As per the rules of DHARm, elders must be cared for by their progeny in the same way the progeny was nurtured and cared for from birth to attaining self-sufficiency to learn and live life to full. But this is not happening either way. And the reason for it is that in kli-yug due to not living by the rules of DHARm, humanity focuses on creation of wealth for oneself and spending the wealth for oneself.

Example: As industrialization in any country increases, there is increasing tendency for both parents to work and leave the raising of their children to others such as day cares, teachers, relatives and sometimes to no body. The children thus increasingly depend on non-parents and especially their peers for growth rather than on their parents or elders who have no time for them. Parents have only very limited daily, weekly, monthly and annual "quality time" for them. Parent's "quality time" with their children is not whatever and whenever time children needs from their parents for growth.

Further more, due to industrialization grandparents do not live with or near their children and grandchildren and thus the transmission of wisdom of life from grandparents to their children and grandchildren is practically zero in industrialized communities.  

And the result of all of the above change in lifestyle increasing devoid of living by rules of DHARm is the loss of fundamental human relationship which provides the happiness and peace supported by full growth of physical, intellectual, emotional and spiritual aspects of human progress and prosperity.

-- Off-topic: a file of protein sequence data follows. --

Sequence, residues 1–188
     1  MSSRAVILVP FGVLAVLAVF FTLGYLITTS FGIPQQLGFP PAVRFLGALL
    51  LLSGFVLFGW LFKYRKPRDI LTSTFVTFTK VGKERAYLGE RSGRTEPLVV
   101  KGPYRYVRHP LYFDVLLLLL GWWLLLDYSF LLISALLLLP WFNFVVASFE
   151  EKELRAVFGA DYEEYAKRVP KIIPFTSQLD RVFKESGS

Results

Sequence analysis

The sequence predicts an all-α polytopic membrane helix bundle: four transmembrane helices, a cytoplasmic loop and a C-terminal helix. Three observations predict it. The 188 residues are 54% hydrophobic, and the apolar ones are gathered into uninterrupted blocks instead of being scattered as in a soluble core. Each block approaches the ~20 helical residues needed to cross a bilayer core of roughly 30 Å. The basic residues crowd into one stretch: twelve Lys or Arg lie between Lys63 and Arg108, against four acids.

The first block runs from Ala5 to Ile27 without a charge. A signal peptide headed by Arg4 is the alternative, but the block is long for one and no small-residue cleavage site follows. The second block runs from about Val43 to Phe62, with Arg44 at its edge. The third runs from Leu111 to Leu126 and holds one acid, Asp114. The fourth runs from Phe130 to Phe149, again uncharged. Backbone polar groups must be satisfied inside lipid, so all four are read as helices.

The above disconnect between parents and their progeny is being documented by many studies in all industrialized countries. Today's news posting in the right column is a prime example of the difference is rural non-industrialized and urban industrialized India.

A similar situation evolving in western countries is document in the article on the next page which can be accessed by clicking on the line outside this box......

(The sharing of veDik knowledge in this column is from the vED library of SHRii Champaklal Dajibhai Mistry of Edmonton, Alberta, Canada.)


Title: 1st class? No, thanks...


From MACLEANS – Feb 20th, 2006: BY BRIAN BETHUNE:

The Age of Old Age is finally upon us, at least in the West.

This year the baby boomer bulge marks another milestone on its passage through the belly of the demographic python: the first boomers are turning 60.

Everywhere this is being portrayed as an Unfortunate event worthy of a Lemony Snicket novel.

Doomsayers wail over a crippling burden of health and pension costs, or simply dread living through the last, crotchety old-folks stage of boomer self-indulgence.

About the only grace note ever sounded about the graying of the west is that the boomers- who have managed to enforce their agenda on everyone else at every stage of their lives –will restore a traditional sense of reverence for elders’ wisdom.

It’s hard to decide what’s more dubious about that idea: the association of boomers and wisdom or the assumption that there was once a Golden Age when the old were honoured.